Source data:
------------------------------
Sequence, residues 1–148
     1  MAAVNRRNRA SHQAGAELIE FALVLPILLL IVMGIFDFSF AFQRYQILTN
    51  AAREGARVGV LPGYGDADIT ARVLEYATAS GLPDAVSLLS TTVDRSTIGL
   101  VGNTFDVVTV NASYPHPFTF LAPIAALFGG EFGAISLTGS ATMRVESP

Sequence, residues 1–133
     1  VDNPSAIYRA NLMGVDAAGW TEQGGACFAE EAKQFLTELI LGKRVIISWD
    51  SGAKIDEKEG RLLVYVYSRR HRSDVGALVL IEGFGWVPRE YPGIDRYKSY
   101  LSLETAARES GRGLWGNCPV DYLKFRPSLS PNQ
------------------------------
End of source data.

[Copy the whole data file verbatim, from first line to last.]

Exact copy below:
Sequence, residues 1–148
     1  MAAVNRRNRA SHQAGAELIE FALVLPILLL IVMGIFDFSF AFQRYQILTN
    51  AAREGARVGV LPGYGDADIT ARVLEYATAS GLPDAVSLLS TTVDRSTIGL
   101  VGNTFDVVTV NASYPHPFTF LAPIAALFGG EFGAISLTGS ATMRVESP

Sequence, residues 1–133
     1  VDNPSAIYRA NLMGVDAAGW TEQGGACFAE EAKQFLTELI LGKRVIISWD
    51  SGAKIDEKEG RLLVYVYSRR HRSDVGALVL IEGFGWVPRE YPGIDRYKSY
   101  LSLETAARES GRGLWGNCPV DYLKFRPSLS PNQ